There were very few cars on the road.  No wonder.  There ain’t no gas.


I decided the only thing to do was keep going toward Pie Town.  I passed the Continental Divide the first time at 5:05 pm and pulled into Pie Town two minutes later.  That annoying “you are out of gas buddy” light was shining for the last I don’t know how many miles.


Pie Town is really tiny, so I had no trouble finding the Pie-O-Neer Café.  Despite the gas situation, I was so excited to see it.  I took a few photos.  Then I went up the steps, and I saw it.  “CLOSED.”  No way I have driven 300 miles or so to eat pie and have Pie Town’s pie café closed.  Devastated was not the right word.


I knocked on the door.  A nice lady came.  They had just closed at 5.  I told her I had driven 5,500 miles to eat pie there, and I gave her my card and pulled the photocopy of the article out of my notebook to show her I was telling the truth.  She let me in.  They had just a few pieces of pie left.  I had Apple Walnut Raisin and Peach.  Very good!  I met the owner, Kim Bruck.  She and three brothers moved there from Chicago, so Pie Town had grown to population 65.  She told me that Coconut Cream, Oatmeal Raisin, and Apple Crumb are her best sellers.  I told her if it were not for the fact that I was almost out of gas that I would be in pie heaven.  She gave me a free slice of pie and a little pie-shaped magnet as a gift for Bozzie.

I enjoyed talking with her, but they wanted to close up and go home, and I wanted to see if I could find a landline to call AAA to put their service to a real test – delivering gas a million miles from nowhere.  Kim and her brother told me there might be a gas station open 22 miles west – usually open until 6, but not sure about Easter Sunday.

It was 5:45, so I said a quick goodbye and I drove very fast to Quemado where I could have kissed Robert, the attendant at J&Y Auto Service, when he was still open.

If it hadn’t been for two ladies and a flat tire in a huge RV, he would have been long gone.

Life was good again.  It is a shame that gasoline detracted from the visit to Pie Town, but thank heaven the Pie-O-Neer was even open on Easter Sunday and J and Y Auto Service.  I never thought I would be happy paying $2.89 per gallon, but I was.  Best gas by far.  Ain’t supply and demand grand.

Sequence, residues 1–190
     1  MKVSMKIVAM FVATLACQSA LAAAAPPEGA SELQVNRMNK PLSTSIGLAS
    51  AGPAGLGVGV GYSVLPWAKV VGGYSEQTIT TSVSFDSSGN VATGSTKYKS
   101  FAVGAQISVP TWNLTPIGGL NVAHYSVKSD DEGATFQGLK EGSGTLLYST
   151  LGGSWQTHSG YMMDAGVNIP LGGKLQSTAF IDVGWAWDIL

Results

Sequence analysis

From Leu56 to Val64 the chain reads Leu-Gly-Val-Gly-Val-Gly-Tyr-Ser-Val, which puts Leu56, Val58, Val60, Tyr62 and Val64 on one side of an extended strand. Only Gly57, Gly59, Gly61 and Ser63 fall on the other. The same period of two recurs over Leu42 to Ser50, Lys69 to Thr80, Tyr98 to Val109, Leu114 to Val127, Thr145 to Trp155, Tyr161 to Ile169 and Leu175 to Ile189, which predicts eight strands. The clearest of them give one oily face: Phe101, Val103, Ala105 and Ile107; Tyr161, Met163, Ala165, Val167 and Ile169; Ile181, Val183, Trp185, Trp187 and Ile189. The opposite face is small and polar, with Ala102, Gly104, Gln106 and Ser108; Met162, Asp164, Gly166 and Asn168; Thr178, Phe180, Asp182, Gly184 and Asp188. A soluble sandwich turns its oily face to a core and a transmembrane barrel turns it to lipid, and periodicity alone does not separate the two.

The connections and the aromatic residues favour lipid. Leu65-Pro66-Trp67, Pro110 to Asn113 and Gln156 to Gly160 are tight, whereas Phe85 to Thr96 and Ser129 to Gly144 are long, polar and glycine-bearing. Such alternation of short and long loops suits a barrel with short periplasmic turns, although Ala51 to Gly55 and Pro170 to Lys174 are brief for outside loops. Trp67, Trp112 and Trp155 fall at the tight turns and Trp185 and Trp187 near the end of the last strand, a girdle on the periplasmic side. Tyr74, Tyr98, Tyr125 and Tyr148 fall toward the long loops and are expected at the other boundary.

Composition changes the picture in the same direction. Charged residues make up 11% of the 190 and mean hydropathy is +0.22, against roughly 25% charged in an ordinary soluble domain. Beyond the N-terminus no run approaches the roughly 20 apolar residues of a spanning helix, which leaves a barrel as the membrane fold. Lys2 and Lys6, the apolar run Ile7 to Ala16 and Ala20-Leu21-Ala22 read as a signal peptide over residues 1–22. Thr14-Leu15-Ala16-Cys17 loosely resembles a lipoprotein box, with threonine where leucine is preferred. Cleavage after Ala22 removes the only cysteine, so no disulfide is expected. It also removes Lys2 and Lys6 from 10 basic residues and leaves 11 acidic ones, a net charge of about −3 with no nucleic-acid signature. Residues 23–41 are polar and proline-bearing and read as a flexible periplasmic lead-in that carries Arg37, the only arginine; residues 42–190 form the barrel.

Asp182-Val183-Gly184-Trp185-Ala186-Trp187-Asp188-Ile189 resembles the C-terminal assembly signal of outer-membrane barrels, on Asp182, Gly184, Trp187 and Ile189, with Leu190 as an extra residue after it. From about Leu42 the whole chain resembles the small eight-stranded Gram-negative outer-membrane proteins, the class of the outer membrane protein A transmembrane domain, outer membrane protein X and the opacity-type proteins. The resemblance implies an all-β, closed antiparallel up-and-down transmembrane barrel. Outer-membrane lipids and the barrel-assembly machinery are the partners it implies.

Back to Cody and Erica’s map, I now had to re-route myself to Truth or Consequences, New Mexico.  I identified a new way to go without backtracking, and I saw some gorgeous scenery in the many mountains of New Mexico.  Because I was driving in the mountains, the sun was shielded and it became dark much earlier than it does out in the desert where I’ve been for a few days.  As it got darker, the mountain roads became less enjoyable.  I passed the Continental Divide again about 9:30.  226 miles from Quemado, I pulled into the Best Western in Truth or Consequences.  The last 40 miles was spent hugging the yellow line as I circled a mountain with rocks to the left and black space to the right and no guard rails.  It was the only time I was glad Bozzie Jane was not with me.  When I told Tyler at the Best Western the road I had come in on, he said: “You drove that AT NIGHT?!” Yep.  I’m glad I couldn’t see; it was too dark to see, and my left eye was hurting the whole day.  At least there were no other cars.  I’m sure most of you are thinking that no one in their right mind would drive that far for two pieces of pie.  You’re absolutely right.  But it will be a fun story to tell.

The lessons of the day include these: Maintain a positive attitude.  Hope for the best, but be prepared for the worst.  Realize that life in small towns and remote spots has its trade-offs.  It’s unlike life in the big cities where many of us live.  For the most part, life in small towns seems gentler and happier to me, but there are always trade-offs, and one of the biggest is learning how to adjust for a limited number of places to shop and get essentials such as gas.  Unless you are crazy and/or really into pie, I don’t recommend a visit to Pie-Town.  It’s just too far.


Thanks to those of you who have emailed to say you have joined the trip.  I’m sorry I’m behind on the Daily Journal, and I’d love to email back, but I just don’t have the time.  There are 570 emails in my In-Box, and I haven’t even opened 127 of them that appear to be business-related.  The only business I have time for these days is sightseeing, pie eating, writing, photographing, and driving.